http://teddysratlab.blogspot.com [Full link to blog for email clients.][FT:C44]
In the previous blog, I discussed the brain areas that process motivation, and mentioned that they operate by assessing risk, reward, prediction and outcome. So how does that work?
First, neurons in the striatum (caudate, nucleus accumbens - NA, ventral tegmental area - VTA) fire at different rates when an subject performs different tasks for relative types of reward. Water/juice reward might invoke only a small response in a hungry subject, while generating a large response in a thirsty subject. Neurons in hippocampus encode information into, and recall from, memory regarding prior actions, memory of the task, and memory of the conditions leading to the current reward value. Amygdala, cingulate and orbitofrontal cortex are involved in prediction and matching that prediction to the real outcome. Neurons in VTA and substantia nigra (SN) are activated by "surprise" when the outcome does *not* match prediction, and this all feeds back into hippocampus, Parietal Lobe and Temporal Lobe to become the next iteration of task memory.
Next we will examine how reward *value* gets into the game, but it involves some of the psychological measurements that are commonly performed in lab test animals. However, modern noninvasive imaging techniques have shown that similar processes exist in humans, even though we do not and can not test in the same way.
But first, a slight side track on motivation...
Commonly abused drugs such as cocaine short-cut the whole process of reward assessment. Many of the neurons in the reward circuit either produce dopamine (VTA, NA, SN) or have receptors for dopamine inputs (amygdala, hippocampus, neocortex). A simple explanation of the action of many *stimulant* drugs (cocaine, methamphetamine, etc.) is that they directly affect dopamine neurotransmission by *prolonging* it - by blocking metabolism or reuptake back into the neurons to break it down. We now know that there is more to the mechanism, but suffice it to say that by acting directly on the neurons, instead of through the normal sensory inputs, drugs "take over" the reward pathway and produce the maximum *value* reward compared to any other outcome.
"Value" of a reward is relative, of course. Water has low value to a hungry subject, but high value to a thirsty subject. Fear of shock, pain or anxiety can have a higher value than thirst, until the subject gets thirsty enough. In psychology studies, researchers often look for whether the *work* or effort a subject puts forth is greater or less than the reward. A mouse may run a maze for cheese, but not water. A lab rat may press a lever 20 times for water, but not 21 times; may press only 10 times for food, but over 100 times for cocaine. Likewise a rat may risk stepping onto a grid that produces a mild shock to the feet in order to escape a brightly lit chamber and retreat to a dark, covered corner.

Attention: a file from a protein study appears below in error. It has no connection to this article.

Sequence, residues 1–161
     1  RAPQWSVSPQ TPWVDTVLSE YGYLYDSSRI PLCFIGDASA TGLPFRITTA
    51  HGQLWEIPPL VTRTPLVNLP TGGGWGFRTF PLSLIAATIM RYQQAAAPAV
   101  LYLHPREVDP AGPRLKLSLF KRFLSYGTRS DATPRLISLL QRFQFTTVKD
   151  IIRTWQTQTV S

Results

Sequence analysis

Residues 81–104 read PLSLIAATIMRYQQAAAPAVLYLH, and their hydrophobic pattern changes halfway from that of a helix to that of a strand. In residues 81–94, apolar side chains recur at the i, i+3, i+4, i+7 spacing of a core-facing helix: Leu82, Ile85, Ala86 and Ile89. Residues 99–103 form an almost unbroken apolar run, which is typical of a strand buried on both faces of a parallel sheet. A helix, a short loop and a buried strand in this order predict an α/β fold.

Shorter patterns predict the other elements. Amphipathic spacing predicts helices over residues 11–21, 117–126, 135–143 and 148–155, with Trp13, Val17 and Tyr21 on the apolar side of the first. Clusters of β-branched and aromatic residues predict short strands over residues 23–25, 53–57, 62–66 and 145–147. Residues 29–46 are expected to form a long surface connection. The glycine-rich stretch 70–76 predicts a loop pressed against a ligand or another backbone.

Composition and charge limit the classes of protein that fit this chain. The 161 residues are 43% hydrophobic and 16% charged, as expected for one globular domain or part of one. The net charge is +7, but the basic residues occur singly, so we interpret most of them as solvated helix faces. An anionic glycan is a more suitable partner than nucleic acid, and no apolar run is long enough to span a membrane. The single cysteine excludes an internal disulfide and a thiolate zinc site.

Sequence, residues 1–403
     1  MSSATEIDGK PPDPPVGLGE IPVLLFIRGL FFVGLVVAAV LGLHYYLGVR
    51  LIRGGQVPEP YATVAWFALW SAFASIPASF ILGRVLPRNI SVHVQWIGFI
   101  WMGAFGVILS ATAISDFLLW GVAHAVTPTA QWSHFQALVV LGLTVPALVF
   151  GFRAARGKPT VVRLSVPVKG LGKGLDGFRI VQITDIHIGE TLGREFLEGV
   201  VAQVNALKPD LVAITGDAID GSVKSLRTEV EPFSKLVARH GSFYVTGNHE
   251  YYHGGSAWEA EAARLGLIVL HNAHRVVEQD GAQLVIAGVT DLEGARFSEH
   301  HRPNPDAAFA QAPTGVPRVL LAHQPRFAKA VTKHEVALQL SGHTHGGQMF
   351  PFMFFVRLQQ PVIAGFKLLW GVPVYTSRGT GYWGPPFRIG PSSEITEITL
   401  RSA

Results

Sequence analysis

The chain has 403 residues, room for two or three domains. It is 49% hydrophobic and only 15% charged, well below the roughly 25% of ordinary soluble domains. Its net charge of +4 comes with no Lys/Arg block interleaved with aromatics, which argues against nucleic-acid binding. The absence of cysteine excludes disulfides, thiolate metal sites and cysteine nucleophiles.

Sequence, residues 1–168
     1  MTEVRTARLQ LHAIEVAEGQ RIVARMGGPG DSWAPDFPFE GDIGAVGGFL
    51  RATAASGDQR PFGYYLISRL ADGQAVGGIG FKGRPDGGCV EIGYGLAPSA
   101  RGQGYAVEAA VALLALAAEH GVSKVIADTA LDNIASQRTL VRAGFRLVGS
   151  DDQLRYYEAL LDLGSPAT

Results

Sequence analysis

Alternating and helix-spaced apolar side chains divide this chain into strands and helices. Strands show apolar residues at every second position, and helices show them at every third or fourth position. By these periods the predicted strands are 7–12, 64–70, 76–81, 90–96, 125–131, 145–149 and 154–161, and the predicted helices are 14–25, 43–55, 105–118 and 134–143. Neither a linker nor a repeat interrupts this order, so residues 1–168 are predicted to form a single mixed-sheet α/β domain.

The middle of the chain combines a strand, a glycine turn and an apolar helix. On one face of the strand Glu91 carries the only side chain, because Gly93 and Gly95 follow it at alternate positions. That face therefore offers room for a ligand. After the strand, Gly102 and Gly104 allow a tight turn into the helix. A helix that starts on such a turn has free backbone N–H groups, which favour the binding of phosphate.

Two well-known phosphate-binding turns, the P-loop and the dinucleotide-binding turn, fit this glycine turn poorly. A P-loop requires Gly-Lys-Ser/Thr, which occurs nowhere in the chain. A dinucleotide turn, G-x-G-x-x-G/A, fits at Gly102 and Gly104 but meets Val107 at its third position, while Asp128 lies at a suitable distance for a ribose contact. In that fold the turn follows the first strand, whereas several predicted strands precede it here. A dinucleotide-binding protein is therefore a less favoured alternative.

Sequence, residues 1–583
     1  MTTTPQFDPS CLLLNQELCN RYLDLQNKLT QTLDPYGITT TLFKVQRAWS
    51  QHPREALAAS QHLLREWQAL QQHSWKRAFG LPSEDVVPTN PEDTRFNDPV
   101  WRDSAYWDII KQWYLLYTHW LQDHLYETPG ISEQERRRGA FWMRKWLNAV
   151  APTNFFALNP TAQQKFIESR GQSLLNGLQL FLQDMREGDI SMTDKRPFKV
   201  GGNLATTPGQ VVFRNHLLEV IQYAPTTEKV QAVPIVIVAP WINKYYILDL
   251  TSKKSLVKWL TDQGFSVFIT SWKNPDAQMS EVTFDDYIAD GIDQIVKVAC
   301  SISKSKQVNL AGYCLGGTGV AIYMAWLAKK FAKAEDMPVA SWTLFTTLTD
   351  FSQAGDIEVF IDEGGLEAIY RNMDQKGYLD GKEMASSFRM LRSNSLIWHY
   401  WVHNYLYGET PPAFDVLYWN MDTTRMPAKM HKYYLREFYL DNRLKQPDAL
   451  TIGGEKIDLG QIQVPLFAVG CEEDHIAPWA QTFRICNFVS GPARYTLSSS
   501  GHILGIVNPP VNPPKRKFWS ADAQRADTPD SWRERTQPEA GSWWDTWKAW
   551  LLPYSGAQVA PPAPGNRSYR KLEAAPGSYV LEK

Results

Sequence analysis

An interesting task given to human subjects is called the "Gambling Task" (or "IOWA Gambling Task" since it was developed at the Univ. of Iowa). Subjects can draw a card from any one of four decks. From any deck, they may draw a win or loss - two decks have small wins, but also small losses - the other decks have large wins, but even larger losses. The strategy that a subject uses to choose cards - slow and steady win, big win / big loss, or a mix - tells a lot about how that person assesses risk and reward. It is telling that persons who are big risk-takers - as well as drug abusers - tend to go for the chance of a big win, even though the big loss is even more likely. They also tend to choices that are impulsive, rather than informed by history and calculation of likelihood of reward.
Sop motivation is based on many things - the sensory information that yields information about reward value, predcition / expectation of outcome and the historical confirmation or denial of that expectation, the risk-reward assessment, and directly manipulation of the neurons that serve the motivational circuit. I don't want to downplay the role of informed decision-making and executive function, but that is material for the next few blogs on identity, personality, and thought.
So until next time, take care of your brain, and don't let it get "psyched out."